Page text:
Is It Your Chess Move?

I’m glad to be at a point in my life, where I can sit back and watch my children grow. It is important to know, they are becoming who they want to be, and not what they think I expect. Choosing their own paths in life, careers that interest them, and things that truly make them happy is paramount. If it had been my job, I might not have chosen the paths they are on -and wouldn’t that have been a shame, for everyone defines happiness differently.

We each have opportunities to make choices, however only for ourselves. We don’t’ get to move loved ones, as though they are chess pieces on our game board. I’ve made choices throughout my life. And those lessons that disappoint me the most, are the times when I was following other’s expectations, rather than following my heart. Isn’t it hard to swallow your pride and admit to making a mistake, and yet it’s even harder when you realize, you took a fool’s advice?

It is hard to know, if listening to your gut is right or if your heart is best. Having patience, taking the time to collect the data, as well as listening to other ideas, before making an educated decision is tough. As the third child of four, I didn’t often get to make my own choices. It wasn’t financially possible for my parents to provide a wide array of adventures. They did the best they could as parents, to which I’m truly grateful. Making decisions and taking ownership of mistakes as a child, was a luxury I often missed. On a brighter note, I am a better person for not always getting what I wanted. The most meaningful lesson to take from my childhood, might just be, to look at my “lack of decision making” as a gift. The skill of knowing when to let other lead. The restraint, to control my adult children. -And so, I sit back with that cliché, bowl of popcorn and watch the adventures of all childhood experiences with pleasure.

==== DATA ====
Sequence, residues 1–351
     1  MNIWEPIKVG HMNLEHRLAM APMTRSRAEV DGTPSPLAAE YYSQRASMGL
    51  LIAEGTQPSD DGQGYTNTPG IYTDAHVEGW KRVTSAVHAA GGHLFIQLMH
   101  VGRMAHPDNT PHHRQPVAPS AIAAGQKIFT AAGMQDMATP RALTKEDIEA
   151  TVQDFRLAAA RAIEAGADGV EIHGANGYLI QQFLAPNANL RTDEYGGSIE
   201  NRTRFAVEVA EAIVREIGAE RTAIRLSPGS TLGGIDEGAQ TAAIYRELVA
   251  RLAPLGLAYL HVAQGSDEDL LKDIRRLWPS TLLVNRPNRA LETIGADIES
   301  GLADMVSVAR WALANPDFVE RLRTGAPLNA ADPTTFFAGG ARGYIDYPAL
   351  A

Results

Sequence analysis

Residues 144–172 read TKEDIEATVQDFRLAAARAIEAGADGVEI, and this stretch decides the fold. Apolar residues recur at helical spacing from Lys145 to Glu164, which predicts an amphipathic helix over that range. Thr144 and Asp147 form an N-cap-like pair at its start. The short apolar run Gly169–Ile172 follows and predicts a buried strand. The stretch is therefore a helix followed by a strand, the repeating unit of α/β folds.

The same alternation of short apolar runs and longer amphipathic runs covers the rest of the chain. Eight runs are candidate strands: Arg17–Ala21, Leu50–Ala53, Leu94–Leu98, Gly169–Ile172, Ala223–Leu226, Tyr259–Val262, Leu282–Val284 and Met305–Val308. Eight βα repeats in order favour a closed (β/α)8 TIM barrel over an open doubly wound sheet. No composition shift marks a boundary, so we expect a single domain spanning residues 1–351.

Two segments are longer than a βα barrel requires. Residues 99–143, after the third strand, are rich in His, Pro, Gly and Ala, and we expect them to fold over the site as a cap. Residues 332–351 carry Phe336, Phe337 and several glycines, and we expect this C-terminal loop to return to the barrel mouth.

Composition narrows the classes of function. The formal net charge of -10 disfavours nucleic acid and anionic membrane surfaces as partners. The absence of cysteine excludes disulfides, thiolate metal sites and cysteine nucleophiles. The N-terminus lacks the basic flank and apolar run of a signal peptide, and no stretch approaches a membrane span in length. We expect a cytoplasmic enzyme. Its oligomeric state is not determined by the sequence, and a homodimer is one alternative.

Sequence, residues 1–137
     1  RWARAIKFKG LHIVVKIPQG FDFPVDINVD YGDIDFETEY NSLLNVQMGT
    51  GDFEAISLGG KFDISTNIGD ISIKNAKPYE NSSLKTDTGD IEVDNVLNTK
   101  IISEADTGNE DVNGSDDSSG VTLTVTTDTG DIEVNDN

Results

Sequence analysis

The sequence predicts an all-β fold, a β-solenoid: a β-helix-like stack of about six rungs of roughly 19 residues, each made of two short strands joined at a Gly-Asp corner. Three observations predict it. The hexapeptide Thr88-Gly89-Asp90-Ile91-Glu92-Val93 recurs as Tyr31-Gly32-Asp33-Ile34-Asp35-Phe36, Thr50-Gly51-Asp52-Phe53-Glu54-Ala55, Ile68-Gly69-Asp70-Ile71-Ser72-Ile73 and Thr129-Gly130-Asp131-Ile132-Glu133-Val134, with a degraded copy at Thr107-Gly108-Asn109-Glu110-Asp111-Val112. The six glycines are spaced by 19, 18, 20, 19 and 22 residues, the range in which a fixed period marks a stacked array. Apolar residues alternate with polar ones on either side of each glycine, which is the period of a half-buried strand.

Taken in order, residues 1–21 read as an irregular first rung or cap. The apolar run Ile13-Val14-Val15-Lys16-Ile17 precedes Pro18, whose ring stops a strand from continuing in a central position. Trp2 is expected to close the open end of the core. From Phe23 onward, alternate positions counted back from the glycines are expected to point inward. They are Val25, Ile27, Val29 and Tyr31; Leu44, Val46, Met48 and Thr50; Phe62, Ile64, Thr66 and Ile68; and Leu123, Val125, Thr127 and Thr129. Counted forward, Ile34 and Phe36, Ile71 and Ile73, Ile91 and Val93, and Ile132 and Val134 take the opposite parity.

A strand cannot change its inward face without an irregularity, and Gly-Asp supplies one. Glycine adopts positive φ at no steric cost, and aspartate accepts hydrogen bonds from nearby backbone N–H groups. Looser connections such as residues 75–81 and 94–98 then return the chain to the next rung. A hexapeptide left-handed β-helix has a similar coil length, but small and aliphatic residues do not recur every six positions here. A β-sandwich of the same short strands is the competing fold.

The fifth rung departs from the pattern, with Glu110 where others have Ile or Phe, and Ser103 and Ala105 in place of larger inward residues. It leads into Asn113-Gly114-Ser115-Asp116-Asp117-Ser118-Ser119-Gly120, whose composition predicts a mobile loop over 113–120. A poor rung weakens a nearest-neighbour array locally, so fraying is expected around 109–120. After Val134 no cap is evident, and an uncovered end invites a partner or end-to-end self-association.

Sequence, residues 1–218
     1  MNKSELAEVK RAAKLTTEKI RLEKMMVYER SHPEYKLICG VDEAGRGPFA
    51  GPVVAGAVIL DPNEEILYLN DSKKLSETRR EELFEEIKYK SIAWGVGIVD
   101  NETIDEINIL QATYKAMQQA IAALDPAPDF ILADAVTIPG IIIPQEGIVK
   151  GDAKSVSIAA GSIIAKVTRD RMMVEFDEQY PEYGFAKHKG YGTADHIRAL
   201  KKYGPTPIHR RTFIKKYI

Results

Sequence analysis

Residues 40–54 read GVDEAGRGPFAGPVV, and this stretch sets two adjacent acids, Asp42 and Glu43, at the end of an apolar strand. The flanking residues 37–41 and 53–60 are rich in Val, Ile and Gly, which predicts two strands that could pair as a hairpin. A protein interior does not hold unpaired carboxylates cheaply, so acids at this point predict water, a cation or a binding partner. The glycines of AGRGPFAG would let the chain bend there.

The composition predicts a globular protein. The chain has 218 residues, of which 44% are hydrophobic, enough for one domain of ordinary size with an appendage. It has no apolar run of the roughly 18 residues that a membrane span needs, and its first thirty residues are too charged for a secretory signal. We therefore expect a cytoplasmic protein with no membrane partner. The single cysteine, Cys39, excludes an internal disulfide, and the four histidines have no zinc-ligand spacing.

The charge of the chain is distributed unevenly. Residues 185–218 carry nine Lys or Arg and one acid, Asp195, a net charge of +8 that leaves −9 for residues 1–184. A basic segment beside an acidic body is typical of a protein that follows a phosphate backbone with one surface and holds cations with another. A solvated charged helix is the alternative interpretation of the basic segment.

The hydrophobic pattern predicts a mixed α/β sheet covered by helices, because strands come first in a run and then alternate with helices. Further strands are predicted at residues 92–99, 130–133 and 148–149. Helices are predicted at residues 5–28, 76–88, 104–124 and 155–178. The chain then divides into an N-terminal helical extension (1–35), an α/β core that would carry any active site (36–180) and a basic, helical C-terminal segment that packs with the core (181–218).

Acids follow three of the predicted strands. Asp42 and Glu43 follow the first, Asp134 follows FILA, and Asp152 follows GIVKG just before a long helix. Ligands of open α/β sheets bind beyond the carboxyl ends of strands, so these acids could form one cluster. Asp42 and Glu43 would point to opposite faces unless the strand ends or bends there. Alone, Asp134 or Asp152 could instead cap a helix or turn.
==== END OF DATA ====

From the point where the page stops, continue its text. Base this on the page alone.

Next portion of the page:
The first trinket that I’ve discovered from this experience, that may pop-up in my children’s stories, is that we all want to figure it out on our own. I’ve tried not to tell the story, rather I hope I’ve let the reader see the story through the eyes of a thirteen-year-old.

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